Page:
Psychology’s reproducibility problem is cast in a very different light when memory is treated as a joint property of the individual and the measurement context; change the measurement context and the meaning of what is measured must change.  Battig (1978) suggests that this dependence on measurement context generalises to all psychological attributes.  Battig’s reasoning goes beyond the conservative claims of the Reproducibility Project and would suggest that psychology faces years of damaging criticism if it continues to treat the attributes it studies as strongly objective.  What physics has long since come to accept as a fundamental truth, Roediger III (2008, p. 228) bemoans as a matter of regret: “the great truth of the first 120 years of empirical study of human memory is captured in the phrase ‘it depends.’”

Quantum theory has taught physicists to accept that the question “what is an electron?” makes no sense in a weakly objective framework.  Because the physicist participates in what he or she “sees,” it must be acknowledged that physics is not concerned with standing back from nature and objectively reporting what one “sees.”  Rather, physics is limited to studying humankind’s interaction with nature.  Roediger’s “it depends” response is embraced in quantum theory: in experimental arrangement A, the electron manifests as a particle; in experimental arrangement B it manifests as something very different – a wave.  How are the statements “the electron is a particle” and “the electron is a wave” to be reconciled?  The obvious paradox is avoided by demanding (as Niels Bohr did) that physicists “communicate unambiguously” by always making reference to the measuring instrument.

The statements “the electron is a particle relative to experimental arrangement A” and “the electron is a wave relative to arrangement B” banish the paradox entirely. “Particle” and “wave” are not intrinsic properties of the electron (leading to an obvious contradiction); instead, they are properties of the electron’s interaction with the measuring tool.  According to Bohr one is communicating ambiguously – for Bohr, unambiguous communication is the hallmark of science – if one speaks of the electron as a thing-in-itself, independent of how it is observed.  All of this has relevance for Dweck’s self-theory notion because all reference to beliefs that “my intelligence is fixed/malleable” are ruled out as meaningless in a weakly objective framework, because intelligence is being wrongly interpreted as a thing-in-itself.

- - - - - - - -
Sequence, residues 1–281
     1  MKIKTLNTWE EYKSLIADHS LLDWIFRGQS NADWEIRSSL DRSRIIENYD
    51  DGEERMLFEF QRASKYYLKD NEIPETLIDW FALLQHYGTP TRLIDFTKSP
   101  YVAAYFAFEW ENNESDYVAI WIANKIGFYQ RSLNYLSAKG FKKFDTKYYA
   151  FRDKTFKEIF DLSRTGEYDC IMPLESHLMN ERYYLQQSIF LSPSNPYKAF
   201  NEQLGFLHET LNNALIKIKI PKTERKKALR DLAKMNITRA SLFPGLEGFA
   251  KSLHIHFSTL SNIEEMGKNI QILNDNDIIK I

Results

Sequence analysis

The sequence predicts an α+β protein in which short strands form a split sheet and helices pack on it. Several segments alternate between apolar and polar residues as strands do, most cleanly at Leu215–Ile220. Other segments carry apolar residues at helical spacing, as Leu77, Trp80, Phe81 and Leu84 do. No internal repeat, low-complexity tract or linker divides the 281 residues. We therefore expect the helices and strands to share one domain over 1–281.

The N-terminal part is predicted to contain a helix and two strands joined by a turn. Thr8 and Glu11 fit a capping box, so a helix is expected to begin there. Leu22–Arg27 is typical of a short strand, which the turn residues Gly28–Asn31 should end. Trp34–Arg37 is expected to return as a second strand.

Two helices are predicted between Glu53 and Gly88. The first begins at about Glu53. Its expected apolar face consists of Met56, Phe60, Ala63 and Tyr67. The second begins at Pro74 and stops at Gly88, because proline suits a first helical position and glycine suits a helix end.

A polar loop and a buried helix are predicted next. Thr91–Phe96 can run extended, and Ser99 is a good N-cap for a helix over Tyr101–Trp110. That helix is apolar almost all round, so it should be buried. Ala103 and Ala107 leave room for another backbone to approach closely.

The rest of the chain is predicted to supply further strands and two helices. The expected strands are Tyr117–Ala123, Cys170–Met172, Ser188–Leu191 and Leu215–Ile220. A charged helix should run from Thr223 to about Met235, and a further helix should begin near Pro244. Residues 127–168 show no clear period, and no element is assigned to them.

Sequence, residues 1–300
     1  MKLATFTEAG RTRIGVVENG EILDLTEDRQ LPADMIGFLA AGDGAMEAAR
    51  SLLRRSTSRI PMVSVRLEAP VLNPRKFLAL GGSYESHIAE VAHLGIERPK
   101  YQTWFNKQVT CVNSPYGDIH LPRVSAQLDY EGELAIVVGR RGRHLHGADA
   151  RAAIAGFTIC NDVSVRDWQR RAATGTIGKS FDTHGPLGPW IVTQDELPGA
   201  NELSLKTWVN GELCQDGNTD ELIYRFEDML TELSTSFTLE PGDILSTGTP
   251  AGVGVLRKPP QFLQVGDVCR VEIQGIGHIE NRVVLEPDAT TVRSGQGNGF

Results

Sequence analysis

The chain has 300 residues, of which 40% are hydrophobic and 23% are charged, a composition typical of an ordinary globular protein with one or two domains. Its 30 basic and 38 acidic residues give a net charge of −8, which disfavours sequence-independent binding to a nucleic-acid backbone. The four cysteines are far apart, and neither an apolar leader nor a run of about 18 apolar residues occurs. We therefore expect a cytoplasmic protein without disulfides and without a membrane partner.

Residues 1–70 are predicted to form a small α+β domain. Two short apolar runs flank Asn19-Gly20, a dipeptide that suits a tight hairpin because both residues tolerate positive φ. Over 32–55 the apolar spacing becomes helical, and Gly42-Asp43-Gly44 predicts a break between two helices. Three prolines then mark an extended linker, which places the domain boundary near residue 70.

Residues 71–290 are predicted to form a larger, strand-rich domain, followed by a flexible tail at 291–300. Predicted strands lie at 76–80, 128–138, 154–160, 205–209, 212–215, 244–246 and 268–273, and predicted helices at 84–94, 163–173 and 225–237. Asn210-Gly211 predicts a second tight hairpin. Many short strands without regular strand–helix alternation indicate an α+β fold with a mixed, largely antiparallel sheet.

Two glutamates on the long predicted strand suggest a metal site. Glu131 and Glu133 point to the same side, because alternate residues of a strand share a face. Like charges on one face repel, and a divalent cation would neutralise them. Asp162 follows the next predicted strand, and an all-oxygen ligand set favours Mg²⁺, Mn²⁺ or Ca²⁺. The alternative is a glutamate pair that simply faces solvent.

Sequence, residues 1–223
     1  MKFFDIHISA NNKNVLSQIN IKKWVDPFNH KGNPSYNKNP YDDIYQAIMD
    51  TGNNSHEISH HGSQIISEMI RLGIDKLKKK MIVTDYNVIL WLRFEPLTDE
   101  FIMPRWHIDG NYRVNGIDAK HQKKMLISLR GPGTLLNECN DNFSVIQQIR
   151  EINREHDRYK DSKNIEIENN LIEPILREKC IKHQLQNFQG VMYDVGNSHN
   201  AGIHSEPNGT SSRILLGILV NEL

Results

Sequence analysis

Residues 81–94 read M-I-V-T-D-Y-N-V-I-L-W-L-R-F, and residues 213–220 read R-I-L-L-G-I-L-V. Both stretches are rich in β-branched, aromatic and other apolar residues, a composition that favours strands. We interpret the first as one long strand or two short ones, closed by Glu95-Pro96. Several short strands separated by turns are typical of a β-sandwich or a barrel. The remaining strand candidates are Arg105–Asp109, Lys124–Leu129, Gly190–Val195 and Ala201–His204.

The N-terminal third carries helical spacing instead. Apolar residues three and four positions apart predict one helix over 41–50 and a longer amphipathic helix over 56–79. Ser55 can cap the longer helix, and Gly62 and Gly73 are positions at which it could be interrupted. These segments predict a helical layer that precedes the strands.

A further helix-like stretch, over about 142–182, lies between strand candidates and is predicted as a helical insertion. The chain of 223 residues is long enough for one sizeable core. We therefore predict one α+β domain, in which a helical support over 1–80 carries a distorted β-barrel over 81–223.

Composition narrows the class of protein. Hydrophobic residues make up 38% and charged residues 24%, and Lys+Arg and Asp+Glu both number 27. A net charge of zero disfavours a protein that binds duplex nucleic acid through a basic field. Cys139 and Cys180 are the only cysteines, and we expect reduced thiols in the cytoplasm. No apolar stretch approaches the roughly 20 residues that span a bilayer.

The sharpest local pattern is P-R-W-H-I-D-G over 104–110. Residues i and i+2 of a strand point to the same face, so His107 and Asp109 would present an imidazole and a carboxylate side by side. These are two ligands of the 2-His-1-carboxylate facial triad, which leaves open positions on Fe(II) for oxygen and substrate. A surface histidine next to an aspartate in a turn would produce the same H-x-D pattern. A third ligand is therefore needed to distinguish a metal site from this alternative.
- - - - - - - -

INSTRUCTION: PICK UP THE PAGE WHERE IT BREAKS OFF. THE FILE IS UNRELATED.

One can get the distinct impression from the psychological literature that the typical psychologist sees herself as a passive, objective observer of what she studies.  There is little evidence that psychologists see themselves as participants in what they “see.”  This mistaken adherence to strong objectivity also afflicts the thinking of the Reproducibility Project’s researchers who see themselves as mere observers of a re-run of psychology’s signature experiments.  The very notion of “reproducibility” sits awkwardly with the teachings of Bohr: “In the study of atomic phenomena, however, we are presented with a situation where the repetition of an experiment with the same arrangements may lead to different recordings” (Bohr, 1958-1962, p. 18). Jammer (1999, p. 234) writes that “Bohr did not regard the world as an objective reality with a given structure … conceptually separable from us as observers. … Thus, there must be limits to the depth of understanding that we can hope to gain of the world, because of our joint role as spectators and actors in the drama of existence.”  Misner, Thorne & Wheeler (1973, p. 12) counsel: “’Participator’ is the incontrovertible new concept given by quantum mechanics; it strikes down the term ‘observer’ of classical theory, the man who stands safely behind the thick glass wall and watches what goes on without taking part.  It can’t be done, quantum mechanics says.  Even with the lowly electron one must participate before one can give any meaning whatsoever to its positon and velocity.”

When attention turns to the construct “intelligence,” the case against psychology’s claim to strong objectivity deepens.  Jensen (1998, p. 46) acknowledges that after a century of attempts, a widely endorsed answer to the question “what is intelligence?” has eluded psychologists: “No other term in psychology has proved harder to define than ‘intelligence.’  Not that psychologists haven’t tried.  Though they have been attempting to define ‘intelligence’ for at least a century, even experts in this field still cannot agree on a definition.  In fact, there are as many different definitions of ‘intelligence’ as there are experts.”  One high profile search for a definition of intelligence was documented in 1986 by Sternberg and Detterman.  In the concluding paragraph of the book, Detterman sums up the experts’ judgements: “For those who expected to read this volume – entitled “What is intelligence?” – and obtain the definitive definition, I apologise.”

It was argued above that a commitment to communicate unambiguously demands that the measurement context be clearly specified if statements such as “Richard and Einstein have the same mathematical ability” are to be justified.  A statement of the mathematics tested in the Foundation examination clarifies that the words “mathematical ability” refer to a very restricted subset of the entire domain of mathematics.  In respect of intelligence Gladwell (2007, p. 95) draws conclusions from the Flynn-effect that strike at the heart of Dweck’s research: “For instance, Flynn shows what happens when we recognize that I.Q. is not a freestanding number but a value attached to a specific time and a specific test. … The notion that anyone “has” an I.Q. of a certain number, then, is meaningless unless you know which WISC he took, and when he took it, since there’s a substantial difference between getting a 130 on the WISC(IV) and getting a 130 on the much easier WISC.”